House of Cards: Season 5

As the familiar music score of the opening credits courtesy of Jeff Beal signals our yearly dose of political drama House of Cards, we are once again faced with the malevolent scheming and plotting by Frank (Kevin Spacey) and Claire (Robin Wright) Underwood. With the show’s original creator Beau Willimon stepping down and the helms taken over by Melissa James Gibson and Frank Pugliese, the show manages to remain just as if not more watchable. All the components that make the show so excruciatingly fascinating are all there and then some. It is just as sensational, meticulous, stylish, with impeccable acting, well-written scripts, incredible depth of plot and characters; it’s an endless list of positive attributes. Yet despite its greatness, upon reflection, post my 13-episode Netflix binge-athon, I am left with a lingering feeling of ‘have I just watched season three or four again?’.

Yet again our resourceful couple get away with murder, literally, coming out of the trickiest situations completely unscathed. It begs me to question: when will we finally see some sort of true downfall to the Underwoods? This is not to say it’s all plain sailing for them this season. On the contrary, there are more complicated twists, turns and downward spirals than ever before, with the season ending with the two separated and Claire distancing herself from Frank altogether. However, even then there is nothing satisfying about Frank’s demise; as he reveals in the final episodes that he sort of orchestrated the whole thing in the first place.

The obvious thing to take note from this season, is that life imitates art or maybe vice versa. As we see outlandish events unfold from one episode to the next, they somehow don’t appear as farfetched anymore in comparison to the current real-life political climate. It seems to be mirroring events that include the onslaught of terrorist attacks, cyber-attacks, fake news, Russian intervention, election fraud; all intricately and perfectly woven into the series’ plots as Frank tries to hold on to the presidency he so craftily stole of which now by karmic precision is slowly slipping away from him.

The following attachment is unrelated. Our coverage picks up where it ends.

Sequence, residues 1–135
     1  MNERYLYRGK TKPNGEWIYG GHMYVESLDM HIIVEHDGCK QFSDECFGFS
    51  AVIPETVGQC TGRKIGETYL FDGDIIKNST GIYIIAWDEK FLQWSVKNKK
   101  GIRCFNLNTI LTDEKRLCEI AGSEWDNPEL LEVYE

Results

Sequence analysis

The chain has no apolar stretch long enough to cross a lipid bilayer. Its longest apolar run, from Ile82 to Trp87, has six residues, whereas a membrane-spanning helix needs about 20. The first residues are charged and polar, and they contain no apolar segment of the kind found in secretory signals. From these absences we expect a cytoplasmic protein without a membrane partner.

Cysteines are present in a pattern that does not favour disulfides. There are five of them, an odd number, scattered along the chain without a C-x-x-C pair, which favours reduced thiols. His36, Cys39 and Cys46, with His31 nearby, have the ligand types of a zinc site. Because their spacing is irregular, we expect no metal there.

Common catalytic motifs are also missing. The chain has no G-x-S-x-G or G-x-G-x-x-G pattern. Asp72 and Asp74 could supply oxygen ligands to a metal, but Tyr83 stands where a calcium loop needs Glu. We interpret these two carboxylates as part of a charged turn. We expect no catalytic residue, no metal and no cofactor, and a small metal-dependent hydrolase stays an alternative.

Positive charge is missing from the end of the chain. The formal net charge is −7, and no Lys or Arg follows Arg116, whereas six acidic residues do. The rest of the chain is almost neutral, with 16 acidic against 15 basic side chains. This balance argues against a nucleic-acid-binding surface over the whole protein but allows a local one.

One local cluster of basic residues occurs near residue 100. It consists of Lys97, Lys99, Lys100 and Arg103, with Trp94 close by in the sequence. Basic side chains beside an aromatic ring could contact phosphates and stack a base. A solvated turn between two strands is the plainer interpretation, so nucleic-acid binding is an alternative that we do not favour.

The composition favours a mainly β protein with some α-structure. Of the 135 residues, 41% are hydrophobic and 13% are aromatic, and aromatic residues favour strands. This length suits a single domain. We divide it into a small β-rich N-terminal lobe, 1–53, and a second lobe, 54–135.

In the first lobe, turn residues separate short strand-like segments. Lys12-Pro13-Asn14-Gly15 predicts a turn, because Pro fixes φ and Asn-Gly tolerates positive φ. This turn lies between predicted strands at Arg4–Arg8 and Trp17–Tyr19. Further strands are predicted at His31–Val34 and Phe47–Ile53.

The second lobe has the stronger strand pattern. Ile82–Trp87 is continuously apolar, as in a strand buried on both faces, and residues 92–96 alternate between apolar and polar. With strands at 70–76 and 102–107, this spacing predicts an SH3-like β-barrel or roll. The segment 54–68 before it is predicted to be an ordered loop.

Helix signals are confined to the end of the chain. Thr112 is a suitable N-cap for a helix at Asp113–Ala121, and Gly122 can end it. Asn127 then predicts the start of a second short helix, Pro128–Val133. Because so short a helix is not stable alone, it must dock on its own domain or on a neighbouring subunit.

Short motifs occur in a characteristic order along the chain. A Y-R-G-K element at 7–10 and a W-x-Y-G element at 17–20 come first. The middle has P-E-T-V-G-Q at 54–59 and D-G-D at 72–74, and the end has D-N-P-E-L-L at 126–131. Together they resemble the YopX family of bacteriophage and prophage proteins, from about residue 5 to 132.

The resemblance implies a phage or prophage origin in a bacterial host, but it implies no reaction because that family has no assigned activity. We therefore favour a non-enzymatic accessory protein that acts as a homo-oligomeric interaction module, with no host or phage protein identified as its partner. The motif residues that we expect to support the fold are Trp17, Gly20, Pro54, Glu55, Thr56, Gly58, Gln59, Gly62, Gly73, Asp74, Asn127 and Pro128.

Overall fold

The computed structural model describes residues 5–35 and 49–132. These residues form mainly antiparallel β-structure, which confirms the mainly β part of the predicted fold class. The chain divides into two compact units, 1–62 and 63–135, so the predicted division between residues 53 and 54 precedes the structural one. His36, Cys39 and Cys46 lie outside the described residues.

There appears to be an increase of Frank’s use of looking-at-the-camera monologue; even Claire, now appointed to vice president, joins in at one point only to say that she's acknowledged our presence all along but choose to ignore us…. charming! Frank’s gay leanings resurface; an infatuated male fan Eric Rawlings (Malcolm Madera) becomes his trainer then his courtesan and then an uncontrollable love-sick puppy. It’s in those moments where Eric makes his moves on an unassuming Frank, that we see Frank Underwood caught off guard, unable to deal with the situation lambasted on him; he looks refreshingly vulnerable and not in control.